The tagline Capital One, where my credit card comes from, asks: “What’s in your wallet?” The implication is that their credit card should be there. What we carry in our physical wallets can tell a lot about who we are as a person. Where we live, where and how we spend our money, organizations to which we belong:can all be determined by what is in our wallet.
Similarly, in the parable of the weeds, it seems that Jesus is asking the crowd: What’s in your spiritual wallet? There is a choice to be made, and Jesus’ teaching in this chapter serves as an advertisement for the kingdom of God.
Last week we heard another parable from Matthew about seeds and soil- good seed planted in good or poor soil. This second ‘seeds’ parable in Matthew talks not about the soil, but about the seeds that plant themselves in us-both good and bad. In Matthew, the good seeds come from God’s Kingdom, the bad seeds come from Caesar’s Empire.
When Jesus, the Son of God, the prophet of God, the very Word of God- started preaching there in Galilee, that was the very Kingdom of God breaking in on Caesar’s turf. So what we need to know is that this Gospel, this parable, is a political statement, directly oppose the political powers of his time. As such, clear lines needed to be drawn. Which kingdom will prevail? Whose empire will we participate in?
God calls us to choose our allegiance — to God or to the emperor. Listen to Jesus speaking to the crowds: (Matthew 13:24) “The kingdom of heaven may be compared to someone who sowed good seed in his field; but while everyone was asleep, an enemy came and sowed weeds among the wheat, and then went away.” Immediately, the crowd is alerted to the fact that there is opposition to the kingdom of heaven; there is an enemy who seeks to do harm.
But to be honest, this “us vs. them”, “good vs. evil” language makes me a bit uncomfortable. It’s that kind of black and white thinking that makes ISIS kill whole villages, women, children and all. “It’s either God’s way or the highway,” they say, “and we’re the ones walking in God’s way.”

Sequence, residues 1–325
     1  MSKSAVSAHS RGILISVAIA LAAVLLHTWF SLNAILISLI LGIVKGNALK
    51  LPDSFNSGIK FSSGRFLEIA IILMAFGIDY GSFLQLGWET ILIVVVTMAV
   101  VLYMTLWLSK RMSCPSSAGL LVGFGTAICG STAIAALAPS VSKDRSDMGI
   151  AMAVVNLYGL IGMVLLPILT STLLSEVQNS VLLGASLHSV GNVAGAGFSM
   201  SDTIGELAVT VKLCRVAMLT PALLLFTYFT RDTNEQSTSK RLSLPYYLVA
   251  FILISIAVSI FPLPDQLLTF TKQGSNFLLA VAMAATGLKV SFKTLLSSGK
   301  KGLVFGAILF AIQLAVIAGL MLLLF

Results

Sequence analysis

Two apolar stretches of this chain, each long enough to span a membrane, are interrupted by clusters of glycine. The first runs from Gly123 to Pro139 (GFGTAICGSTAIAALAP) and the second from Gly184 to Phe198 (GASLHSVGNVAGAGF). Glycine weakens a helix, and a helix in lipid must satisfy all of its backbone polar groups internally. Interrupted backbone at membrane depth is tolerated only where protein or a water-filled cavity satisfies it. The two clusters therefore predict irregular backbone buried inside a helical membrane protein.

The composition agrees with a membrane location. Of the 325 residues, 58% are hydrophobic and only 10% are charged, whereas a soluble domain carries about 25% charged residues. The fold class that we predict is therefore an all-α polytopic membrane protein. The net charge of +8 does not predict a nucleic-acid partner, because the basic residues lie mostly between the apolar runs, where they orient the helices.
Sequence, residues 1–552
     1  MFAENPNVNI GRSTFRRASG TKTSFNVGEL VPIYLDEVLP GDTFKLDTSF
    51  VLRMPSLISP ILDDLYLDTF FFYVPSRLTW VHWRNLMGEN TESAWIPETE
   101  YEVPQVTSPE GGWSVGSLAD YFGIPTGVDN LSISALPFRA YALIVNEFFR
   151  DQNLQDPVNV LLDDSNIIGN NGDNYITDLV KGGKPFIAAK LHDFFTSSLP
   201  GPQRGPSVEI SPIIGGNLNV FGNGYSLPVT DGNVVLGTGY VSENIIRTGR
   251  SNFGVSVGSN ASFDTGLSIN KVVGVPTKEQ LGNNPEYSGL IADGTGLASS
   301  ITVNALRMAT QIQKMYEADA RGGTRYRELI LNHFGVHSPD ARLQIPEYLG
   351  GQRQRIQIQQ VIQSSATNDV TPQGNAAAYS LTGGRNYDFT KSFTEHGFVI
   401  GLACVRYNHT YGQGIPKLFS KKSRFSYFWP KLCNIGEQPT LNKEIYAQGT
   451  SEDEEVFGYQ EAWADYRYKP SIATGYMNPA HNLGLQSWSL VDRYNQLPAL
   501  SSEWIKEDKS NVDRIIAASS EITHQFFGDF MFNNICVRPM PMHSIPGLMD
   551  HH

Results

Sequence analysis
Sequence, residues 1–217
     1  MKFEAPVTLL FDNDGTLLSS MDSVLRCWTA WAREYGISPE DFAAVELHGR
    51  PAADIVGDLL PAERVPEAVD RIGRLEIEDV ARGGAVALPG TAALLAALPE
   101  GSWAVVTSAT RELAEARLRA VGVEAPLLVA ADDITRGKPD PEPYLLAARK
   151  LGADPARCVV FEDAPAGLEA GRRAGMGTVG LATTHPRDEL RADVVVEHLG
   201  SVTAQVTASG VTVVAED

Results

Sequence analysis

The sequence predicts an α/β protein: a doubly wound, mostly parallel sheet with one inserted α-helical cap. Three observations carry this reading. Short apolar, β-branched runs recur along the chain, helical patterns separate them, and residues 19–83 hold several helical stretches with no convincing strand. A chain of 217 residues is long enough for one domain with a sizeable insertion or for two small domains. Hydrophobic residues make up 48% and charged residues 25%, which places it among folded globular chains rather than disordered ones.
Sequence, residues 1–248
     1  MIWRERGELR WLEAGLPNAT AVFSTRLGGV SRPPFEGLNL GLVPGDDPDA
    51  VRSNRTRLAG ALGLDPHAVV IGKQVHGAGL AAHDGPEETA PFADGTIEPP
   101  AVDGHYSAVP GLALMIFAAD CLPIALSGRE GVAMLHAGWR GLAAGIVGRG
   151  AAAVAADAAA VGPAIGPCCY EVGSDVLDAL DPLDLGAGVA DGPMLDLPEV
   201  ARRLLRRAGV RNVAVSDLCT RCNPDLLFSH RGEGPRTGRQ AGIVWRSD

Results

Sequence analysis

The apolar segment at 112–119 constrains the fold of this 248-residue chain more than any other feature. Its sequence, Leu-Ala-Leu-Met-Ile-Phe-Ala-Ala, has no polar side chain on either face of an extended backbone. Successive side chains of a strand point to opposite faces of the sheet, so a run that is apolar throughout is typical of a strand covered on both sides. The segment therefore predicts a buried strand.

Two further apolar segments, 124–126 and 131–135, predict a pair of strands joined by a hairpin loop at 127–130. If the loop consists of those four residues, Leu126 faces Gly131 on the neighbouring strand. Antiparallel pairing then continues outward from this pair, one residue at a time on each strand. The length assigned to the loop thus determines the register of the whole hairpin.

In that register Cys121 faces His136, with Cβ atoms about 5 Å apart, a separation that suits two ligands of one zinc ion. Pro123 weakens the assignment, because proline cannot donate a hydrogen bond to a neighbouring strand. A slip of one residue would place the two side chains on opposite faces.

I don’t know about you, but I experience the world a lot greyer than that. Just within my own heart, there are those bad seeds growing right next to the good seeds. Arrogance growing next to humility. Foolishness growing next to wisdom. In our communities, in our economics, in our politics: there are those bad seeds growing right next to the good ones, and it doesn’t matter which side of the spectrum we lean towards.
Jesus also says, “By their fruits you shall know them.” We all have a desire to bring good into the world. Where we disagree is “what is good” and “what’s the best way to get there.” Ask an ISIS member if they’re fighting for the good; they’ll say that they are absolutely fighting for the good. God is on their side. They are laying their lives on the line for heaven.
And you and I probably think the same things about ourselves: that we are living our lives in a moral, honest way that we hope will honor God and bring good into the world. And we have all these seeds of ideas and plans and strategies to achieve what we think is The Good.
Psalm 139 is my favorite psalm… except for the very end. “How I wish You would kill all cruel and heartless people, and protect me from them! They always rebel and speak evil of You. Do I not hate those who hate You, O Lord? Do I not loathe those who rise up against You? I hate them with a perfect hatred, and I count them as my enemies…” And then the last, searing bit of cluelessness: “Look deep into me, O God, and know my heart. Test me, and know my thoughts. See if there is any wicked way in me, and lead me in the way everlasting.
The second Pres Bush saved Iraq from Saddam Hussein, who was gassing the Kurds. He thought he was doing a good thing. But he completely destabilized the area and al Qaida arose, and then ISIS, and we have been fighting for 15 years now in the longest war the US has ever fought.